Anger over lack of secondary school places in Rush school

by Sylvia Pownall
Joe O'Brien outside Skerries Community College

Students from St Joseph’s secondary school in Rush gathered outside Dail Eireann on Wednesday to protest at the lack of school places in the area.

Anger is mounting over the lack of spaces in Skerries, Rusk and Lusk – with a serious crisis being predicted next September if urgent action is not taken.

Parents who were told there are already 102 on the waiting list for secondary school places in Rush next year have started a petition which has almost 1,000 signatures.

The problem is just as serious in Skerries and Lusk and representatives warn that if capacity is not increased students may face lengthy commutes to and from school.

Cllr Tom O’Leary (FG) told Dublin Gazette: “I am getting increased numbers of concerned messages from parents in Skerries who cannot get a place in their local secondary school.

“A number of new families have moved into the area where building continues and the population is growing steadily. This is a new phenomenon and parents are in shock that they potentially cannot get access to their local secondary school.”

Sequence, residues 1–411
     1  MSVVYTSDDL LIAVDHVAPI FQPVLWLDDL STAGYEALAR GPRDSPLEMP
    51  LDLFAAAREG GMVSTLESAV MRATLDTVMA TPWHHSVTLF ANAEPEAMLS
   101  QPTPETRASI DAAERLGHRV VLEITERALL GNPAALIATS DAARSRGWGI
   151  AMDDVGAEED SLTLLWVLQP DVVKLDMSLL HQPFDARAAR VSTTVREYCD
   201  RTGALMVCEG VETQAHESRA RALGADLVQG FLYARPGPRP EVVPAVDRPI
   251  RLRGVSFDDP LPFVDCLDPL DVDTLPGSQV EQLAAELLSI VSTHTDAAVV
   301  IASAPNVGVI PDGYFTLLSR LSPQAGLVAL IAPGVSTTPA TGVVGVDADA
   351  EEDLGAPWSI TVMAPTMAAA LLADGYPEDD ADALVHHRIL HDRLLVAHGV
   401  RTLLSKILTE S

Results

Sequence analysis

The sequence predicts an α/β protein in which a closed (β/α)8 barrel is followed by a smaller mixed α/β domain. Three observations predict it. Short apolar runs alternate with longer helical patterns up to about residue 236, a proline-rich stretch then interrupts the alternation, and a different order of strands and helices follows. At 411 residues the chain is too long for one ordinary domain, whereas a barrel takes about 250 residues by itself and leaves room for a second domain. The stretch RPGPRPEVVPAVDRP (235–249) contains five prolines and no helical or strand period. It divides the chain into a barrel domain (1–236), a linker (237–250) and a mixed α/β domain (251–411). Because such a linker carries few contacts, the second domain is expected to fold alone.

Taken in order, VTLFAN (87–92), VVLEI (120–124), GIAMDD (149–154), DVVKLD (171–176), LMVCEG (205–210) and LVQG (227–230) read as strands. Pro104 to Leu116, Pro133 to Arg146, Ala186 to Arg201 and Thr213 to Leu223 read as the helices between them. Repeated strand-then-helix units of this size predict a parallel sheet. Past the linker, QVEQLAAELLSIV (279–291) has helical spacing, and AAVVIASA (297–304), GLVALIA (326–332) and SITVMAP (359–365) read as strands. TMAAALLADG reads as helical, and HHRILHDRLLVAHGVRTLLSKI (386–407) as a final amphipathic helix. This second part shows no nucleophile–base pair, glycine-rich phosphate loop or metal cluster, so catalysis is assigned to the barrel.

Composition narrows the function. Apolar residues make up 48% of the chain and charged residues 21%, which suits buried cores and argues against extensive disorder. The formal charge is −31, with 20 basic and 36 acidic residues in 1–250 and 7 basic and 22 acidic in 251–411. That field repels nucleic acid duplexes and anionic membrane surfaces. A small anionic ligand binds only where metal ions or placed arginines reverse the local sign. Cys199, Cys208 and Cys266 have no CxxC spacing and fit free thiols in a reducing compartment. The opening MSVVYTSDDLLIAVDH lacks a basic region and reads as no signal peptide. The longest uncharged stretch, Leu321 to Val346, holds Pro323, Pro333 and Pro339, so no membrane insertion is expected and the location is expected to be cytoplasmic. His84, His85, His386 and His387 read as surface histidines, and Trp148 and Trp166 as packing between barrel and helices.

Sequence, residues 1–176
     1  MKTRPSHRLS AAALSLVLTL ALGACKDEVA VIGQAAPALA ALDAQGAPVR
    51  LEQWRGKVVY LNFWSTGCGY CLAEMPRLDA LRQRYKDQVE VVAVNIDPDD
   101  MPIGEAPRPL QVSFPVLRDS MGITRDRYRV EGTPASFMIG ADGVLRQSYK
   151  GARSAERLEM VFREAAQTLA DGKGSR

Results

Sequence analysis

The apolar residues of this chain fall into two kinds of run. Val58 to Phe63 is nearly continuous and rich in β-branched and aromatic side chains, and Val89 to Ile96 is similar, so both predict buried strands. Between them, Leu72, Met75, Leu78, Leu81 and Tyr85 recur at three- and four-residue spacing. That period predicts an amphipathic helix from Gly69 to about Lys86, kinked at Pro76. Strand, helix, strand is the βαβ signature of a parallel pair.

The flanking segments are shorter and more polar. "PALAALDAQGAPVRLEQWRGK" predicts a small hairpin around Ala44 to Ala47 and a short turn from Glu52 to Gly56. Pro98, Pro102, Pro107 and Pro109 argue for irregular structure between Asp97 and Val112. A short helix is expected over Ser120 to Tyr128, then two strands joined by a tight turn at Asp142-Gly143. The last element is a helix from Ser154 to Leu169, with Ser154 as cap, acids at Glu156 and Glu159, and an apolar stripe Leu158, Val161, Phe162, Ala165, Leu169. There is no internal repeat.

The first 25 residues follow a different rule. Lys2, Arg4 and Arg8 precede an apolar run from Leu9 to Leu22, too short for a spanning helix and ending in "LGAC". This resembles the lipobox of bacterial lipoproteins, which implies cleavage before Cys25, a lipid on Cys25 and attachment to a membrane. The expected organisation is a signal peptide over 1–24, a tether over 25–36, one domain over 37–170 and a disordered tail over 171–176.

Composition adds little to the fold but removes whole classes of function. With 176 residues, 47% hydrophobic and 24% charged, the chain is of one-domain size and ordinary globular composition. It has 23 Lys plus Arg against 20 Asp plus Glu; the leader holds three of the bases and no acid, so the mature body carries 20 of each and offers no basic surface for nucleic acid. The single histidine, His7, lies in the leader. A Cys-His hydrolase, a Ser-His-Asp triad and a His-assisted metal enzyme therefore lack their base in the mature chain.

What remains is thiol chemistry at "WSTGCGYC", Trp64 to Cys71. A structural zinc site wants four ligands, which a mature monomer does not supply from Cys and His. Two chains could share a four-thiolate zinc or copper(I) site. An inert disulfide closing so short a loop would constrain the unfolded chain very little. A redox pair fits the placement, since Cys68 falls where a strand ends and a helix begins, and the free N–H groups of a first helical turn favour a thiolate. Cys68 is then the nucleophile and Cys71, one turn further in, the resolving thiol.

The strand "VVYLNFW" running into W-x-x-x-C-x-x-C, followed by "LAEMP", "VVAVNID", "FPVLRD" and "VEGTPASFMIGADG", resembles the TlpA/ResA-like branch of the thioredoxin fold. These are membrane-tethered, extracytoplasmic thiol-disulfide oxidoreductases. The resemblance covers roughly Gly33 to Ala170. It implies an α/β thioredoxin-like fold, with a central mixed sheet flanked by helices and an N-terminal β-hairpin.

In the Seanad last week Senator James Reilly called on the Department of Education to address issues in all three towns, warning that even with phase two of Lusk Community College now open it could not cope with numbers.

One concerned parent in Rush said: “The situation already looks grim for more than 100 families and since Rush and Lusk are rapidly expanding, it can only get worse.

“Commuting is not a solution.”

Local Green Party representative Joe O’Brien has written to Education Minister Joe McHugh calling for an assessment of needs for another secondary school in Skerries.

The move followed revelations that 30 pupils were not allocated places at Skerries Community College for 2019.

He said: “A lot of parents are very concerned that their children may well not be able to carry out their post-primary education in their home town.

“The school should have received a prefab last summer but this was pulled on the basis that three permanent classrooms would be built. But there has been no action on building these classrooms and it’s not clear where they would fit.

“The school was built for 800 and to be fair the Community College is doing all it can to accommodate what is now a school population of 947. It’s literally bursting at the seams.”

Related Articles